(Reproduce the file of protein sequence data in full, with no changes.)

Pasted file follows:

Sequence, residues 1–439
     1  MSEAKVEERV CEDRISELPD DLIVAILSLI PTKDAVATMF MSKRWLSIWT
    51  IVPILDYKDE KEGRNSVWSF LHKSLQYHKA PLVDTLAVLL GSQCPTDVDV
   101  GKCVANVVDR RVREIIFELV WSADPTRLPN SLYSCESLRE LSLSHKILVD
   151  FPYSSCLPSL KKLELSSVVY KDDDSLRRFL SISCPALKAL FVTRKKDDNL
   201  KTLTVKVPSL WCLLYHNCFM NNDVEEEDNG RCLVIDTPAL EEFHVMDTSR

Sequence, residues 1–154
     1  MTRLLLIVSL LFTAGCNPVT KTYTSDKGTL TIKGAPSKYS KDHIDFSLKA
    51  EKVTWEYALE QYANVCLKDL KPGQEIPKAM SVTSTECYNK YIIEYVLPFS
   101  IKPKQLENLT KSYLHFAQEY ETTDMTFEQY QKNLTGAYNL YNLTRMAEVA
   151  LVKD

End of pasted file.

Sequence, residues 1–439
     1  MSEAKVEERV CEDRISELPD DLIVAILSLI PTKDAVATMF MSKRWLSIWT
    51  IVPILDYKDE KEGRNSVWSF LHKSLQYHKA PLVDTLAVLL GSQCPTDVDV
   101  GKCVANVVDR RVREIIFELV WSADPTRLPN SLYSCESLRE LSLSHKILVD
   151  FPYSSCLPSL KKLELSSVVY KDDDSLRRFL SISCPALKAL FVTRKKDDNL
   201  KTLTVKVPSL WCLLYHNCFM NNDVEEEDNG RCLVIDTPAL EEFHVMDTSR

Sequence, residues 1–154
     1  MTRLLLIVSL LFTAGCNPVT KTYTSDKGTL TIKGAPSKYS KDHIDFSLKA
    51  EKVTWEYALE QYANVCLKDL KPGQEIPKAM SVTSTECYNK YIIEYVLPFS
   101  IKPKQLENLT KSYLHFAQEY ETTDMTFEQY QKNLTGAYNL YNLTRMAEVA
   151  LVKD